The Elephant Foot Yam vegetable is a very unique vegetable, and probably one you haven’t heard of if you don’t live in Southeast Asia. It’s also called is also called Jimikand, Elephant Yam, Indian Yam or Suran. It gets its name from the fact that it looks like an elephant’s foot and has a hard outside. It’s a very nutritious vegetable and can even be used as a substitute for meat on a plant-based diet. The Suran vegetable has even been used for medicinal purposes.
The Elephant Foot Yam plant is grown in Southeast Asia and the Pacific Islands as a cash crop for profit, as well as in Africa in Madagascar. The Elephant Foot Yam is also called Suran or Ol and is found in Indian dishes. It can also be known as whitespot giant arum. Elephant Foot Yam is used in foods in these regions, where it is more well known. Living in the United States, I had never heard of it before. The Elephant Yam in the USA is pretty uncommon.
Different names for Elephant Yam include:
- Indian Yam
- Elephant Yam
- White spot giant arum
- Cheeky Yam
- Chena Yam
- Karunai Kizhangu plant or karunai kilangu
- Senai Kilangu plant or Senai Kizhangu plant
- Amorphophallus paeoniifolius is the Scientific Name
The Elephant Foot Yam has high nutritional value and health benefits. It comes from the Amorphophallus paeoniifolius plant. The Elephant Yam’s flower is sometimes called stinky lily, because of the order it gives off after it has bloomed.
The Elephant Yam is a tuber or root vegetable and it commonly mashed or fried and added to curries. It can also be fried to make chips. Also, the Suran vegetable stems and leaves are sometimes fried and eaten as well. In the Philippines the Jimikand is known as pongapong and the leaves and stems are eaten as well.
The Elephant Foot Yam in Tamil is known as the Senai Kilangu plant or the Senai Kizhangu plant.
Elephant Foot Yams can be packed with nutrition. Let’s look at some of the Elephant Foot Yam benefits below.
You can check out 13 Things to Know About Elephant Foot Yam (Suran, Jimikand, Elephant Yam) for commonly asked questions and more things to know.
Elephant Foot Yam Benefits
Is the Elephant Foot vegetable good for health? Yes, the Jimikand has tons of benefits related to health. Indian Yam has been used for many medicinal purposes in different cultures. Even the British pharma industry sought it and other yams for diosgenin, used to make Cortisone and other products.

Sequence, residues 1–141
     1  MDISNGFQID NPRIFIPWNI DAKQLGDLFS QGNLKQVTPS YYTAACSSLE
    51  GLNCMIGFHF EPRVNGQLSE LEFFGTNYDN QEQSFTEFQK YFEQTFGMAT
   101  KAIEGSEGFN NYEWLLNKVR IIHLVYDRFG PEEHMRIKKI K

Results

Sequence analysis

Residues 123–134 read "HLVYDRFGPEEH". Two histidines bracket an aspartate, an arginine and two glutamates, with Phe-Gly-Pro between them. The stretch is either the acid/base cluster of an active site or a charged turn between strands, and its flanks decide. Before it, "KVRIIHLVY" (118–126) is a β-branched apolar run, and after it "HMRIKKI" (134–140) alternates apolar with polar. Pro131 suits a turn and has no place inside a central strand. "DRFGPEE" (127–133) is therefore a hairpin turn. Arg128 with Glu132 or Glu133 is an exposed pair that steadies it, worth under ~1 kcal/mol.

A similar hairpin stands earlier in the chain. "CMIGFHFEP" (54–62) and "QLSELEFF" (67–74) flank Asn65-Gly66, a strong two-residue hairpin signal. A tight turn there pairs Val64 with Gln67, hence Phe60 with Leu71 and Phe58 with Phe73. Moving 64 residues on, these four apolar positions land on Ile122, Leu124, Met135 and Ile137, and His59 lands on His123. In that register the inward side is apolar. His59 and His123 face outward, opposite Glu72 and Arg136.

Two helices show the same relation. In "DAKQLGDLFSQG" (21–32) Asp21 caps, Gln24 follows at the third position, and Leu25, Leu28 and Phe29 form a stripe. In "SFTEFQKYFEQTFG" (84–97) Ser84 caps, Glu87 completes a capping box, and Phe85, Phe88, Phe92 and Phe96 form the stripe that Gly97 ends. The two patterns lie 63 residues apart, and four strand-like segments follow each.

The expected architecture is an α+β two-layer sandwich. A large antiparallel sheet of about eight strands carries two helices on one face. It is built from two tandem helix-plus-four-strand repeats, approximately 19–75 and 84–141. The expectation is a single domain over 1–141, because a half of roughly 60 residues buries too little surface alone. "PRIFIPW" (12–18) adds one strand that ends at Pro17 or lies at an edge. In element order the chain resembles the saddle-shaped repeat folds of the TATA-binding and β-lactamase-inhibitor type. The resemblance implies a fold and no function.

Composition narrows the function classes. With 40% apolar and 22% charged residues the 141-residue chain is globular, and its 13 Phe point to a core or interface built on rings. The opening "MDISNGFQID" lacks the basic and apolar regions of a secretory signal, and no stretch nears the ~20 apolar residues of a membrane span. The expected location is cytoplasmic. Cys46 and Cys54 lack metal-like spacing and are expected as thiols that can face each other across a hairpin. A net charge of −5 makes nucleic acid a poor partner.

Let’s look at some of the Elephant Yam benefits below, they include:
- Cheap source of carbohydrates. The Elephant Foot Yam is a staple in many cultures and provides a lot of nutrition and a plant-based food at a cheap cost. The Elephant Foot Yam also contains some protein.
- Contains vitamins and minerals
- Provides magnesium, potassium, zinc, calcium, phosphorous and selenium
- Provides antioxidants
- High in fiber
- Helps with weight loss due to high fiber content
- Helps with digestive issues such as constipation and cramps. Sometimes Elephant Foot Yam is used in laxatives.
- Very sustainable and grows very easily, even in harsh conditions
- Reduces bad cholesterol (LDL) due to phytosterols and is a heart healthy food
- Raises good cholesterol levels
- Helps with hormones in females. Boosts estrogen production and contains B6 to help with menopause.
- Reduces blood pressure and hypertension
- Helps blood flow by reducing vein blockage
- Anti-coagulant and may help prevent heart attacks and stroke
- Increases red blood cell production
- Improves the immune system
- Reduces inflammation
- Detoxifies the body including the liver, stomach and intestines.
- Used in India to treat tumors, arthritis, fatigue and more.